The present invention provides extended, improved linker syntax/techniques that maximize reuse of program segments in creating sequence programs, allow optimal compromise between detailed representation and efficient sequence program design and maintenance, and permit uniform application of the loop syntax to link/load commands for MRI sequencers with a wide range of hardware implementations.

The following are among some of the important features of an MRI control interface provided by the present invention:

generalized loops at the link level;

loop index symbols representing loop identity can be associated with scope and/or range (with some kind of limited grammar in the link command itself that supports identification of scope and/or range);

parameter tables can be associated with loop index symbols (any given table can be associated with N loop index symbols in order to provide multidimensional sequences);

any level of loop nesting is possible;

directed limited syntax providing limited grammar and syntax checking, and requiring user to explicitly enter information into the interface.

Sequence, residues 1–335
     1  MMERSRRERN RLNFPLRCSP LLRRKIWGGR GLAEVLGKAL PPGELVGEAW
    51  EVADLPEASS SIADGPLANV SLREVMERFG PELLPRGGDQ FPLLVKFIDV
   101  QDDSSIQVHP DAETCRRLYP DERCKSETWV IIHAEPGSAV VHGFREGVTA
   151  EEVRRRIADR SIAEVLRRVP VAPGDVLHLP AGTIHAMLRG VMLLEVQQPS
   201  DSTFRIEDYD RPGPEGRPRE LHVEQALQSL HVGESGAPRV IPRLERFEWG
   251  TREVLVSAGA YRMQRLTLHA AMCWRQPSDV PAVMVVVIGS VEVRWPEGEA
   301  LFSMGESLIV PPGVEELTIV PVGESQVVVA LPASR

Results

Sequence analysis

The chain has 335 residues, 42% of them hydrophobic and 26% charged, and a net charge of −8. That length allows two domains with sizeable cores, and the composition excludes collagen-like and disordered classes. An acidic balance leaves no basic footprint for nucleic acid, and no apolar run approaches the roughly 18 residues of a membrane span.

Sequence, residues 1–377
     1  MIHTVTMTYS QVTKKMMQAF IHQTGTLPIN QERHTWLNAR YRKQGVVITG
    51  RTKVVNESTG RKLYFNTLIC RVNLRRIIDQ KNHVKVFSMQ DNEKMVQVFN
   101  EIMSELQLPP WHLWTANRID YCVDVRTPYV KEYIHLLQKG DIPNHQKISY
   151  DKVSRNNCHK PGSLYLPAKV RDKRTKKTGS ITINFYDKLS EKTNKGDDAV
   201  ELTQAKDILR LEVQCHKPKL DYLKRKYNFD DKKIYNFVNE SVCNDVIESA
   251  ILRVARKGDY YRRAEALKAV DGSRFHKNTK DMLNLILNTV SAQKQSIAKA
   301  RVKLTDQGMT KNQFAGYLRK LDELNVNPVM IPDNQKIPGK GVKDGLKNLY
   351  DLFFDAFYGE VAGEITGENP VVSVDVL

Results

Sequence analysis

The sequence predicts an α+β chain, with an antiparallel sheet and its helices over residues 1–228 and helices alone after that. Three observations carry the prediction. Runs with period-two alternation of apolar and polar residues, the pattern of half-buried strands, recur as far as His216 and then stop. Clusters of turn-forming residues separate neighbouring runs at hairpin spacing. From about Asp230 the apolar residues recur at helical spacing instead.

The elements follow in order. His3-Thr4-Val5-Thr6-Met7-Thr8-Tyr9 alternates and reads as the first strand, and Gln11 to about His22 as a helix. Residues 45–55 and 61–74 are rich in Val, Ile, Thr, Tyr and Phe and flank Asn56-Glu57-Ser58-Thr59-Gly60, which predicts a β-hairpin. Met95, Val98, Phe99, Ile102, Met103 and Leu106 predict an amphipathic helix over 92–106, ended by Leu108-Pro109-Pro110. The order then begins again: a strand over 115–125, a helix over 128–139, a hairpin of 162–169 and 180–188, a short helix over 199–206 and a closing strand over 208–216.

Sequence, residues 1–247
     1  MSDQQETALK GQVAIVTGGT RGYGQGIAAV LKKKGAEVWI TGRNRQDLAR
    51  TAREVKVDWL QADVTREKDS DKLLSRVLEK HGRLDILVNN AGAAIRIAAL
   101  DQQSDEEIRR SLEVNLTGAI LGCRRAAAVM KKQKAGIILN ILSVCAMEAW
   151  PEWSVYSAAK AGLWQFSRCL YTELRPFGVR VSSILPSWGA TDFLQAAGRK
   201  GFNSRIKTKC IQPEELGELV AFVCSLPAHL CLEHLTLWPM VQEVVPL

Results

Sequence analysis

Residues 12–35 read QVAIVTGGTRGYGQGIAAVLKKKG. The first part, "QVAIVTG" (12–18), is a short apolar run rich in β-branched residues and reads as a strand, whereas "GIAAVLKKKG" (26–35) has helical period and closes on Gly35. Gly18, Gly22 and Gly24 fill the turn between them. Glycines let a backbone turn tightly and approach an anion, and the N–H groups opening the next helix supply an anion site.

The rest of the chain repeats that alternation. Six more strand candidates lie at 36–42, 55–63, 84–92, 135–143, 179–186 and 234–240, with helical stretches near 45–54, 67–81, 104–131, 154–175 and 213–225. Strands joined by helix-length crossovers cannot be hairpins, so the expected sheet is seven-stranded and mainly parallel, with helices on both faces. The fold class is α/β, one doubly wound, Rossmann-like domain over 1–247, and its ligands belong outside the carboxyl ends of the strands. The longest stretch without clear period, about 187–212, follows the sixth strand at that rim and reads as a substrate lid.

By way of brief background, MRI sequencer program segment instructions may be regarded as machine states expressed as microcode instructions, with each microcode field corresponding to an entry in the program segment (or procedure) source code. A "procedure" is herein distinguished from a program segment by its property of having arguments passed to it in the link command. An overall programming model provided by the present invention generalizes microcode fields (including PCT entries) to "cells". Such cells may have "properties" or "attributes" such as, for example:

a constant value; or

a variable name; or

a (globally defined) symbolic procedure argument; or

a value specified by a formula; or

a value referenced from a PCT; or

if the "cell" is part of a PCT entry, it can refer to another PCT (thus allowing indirect PCT access).

These techniques allow the possibility of having only a few program segments or procedures represent single-slice template sequences which support all spin echo or all partial flip or all 3D multi-slice/multi-volume imaging protocols for example--thereby drastically decreasing the total amount of code to be written and maintained.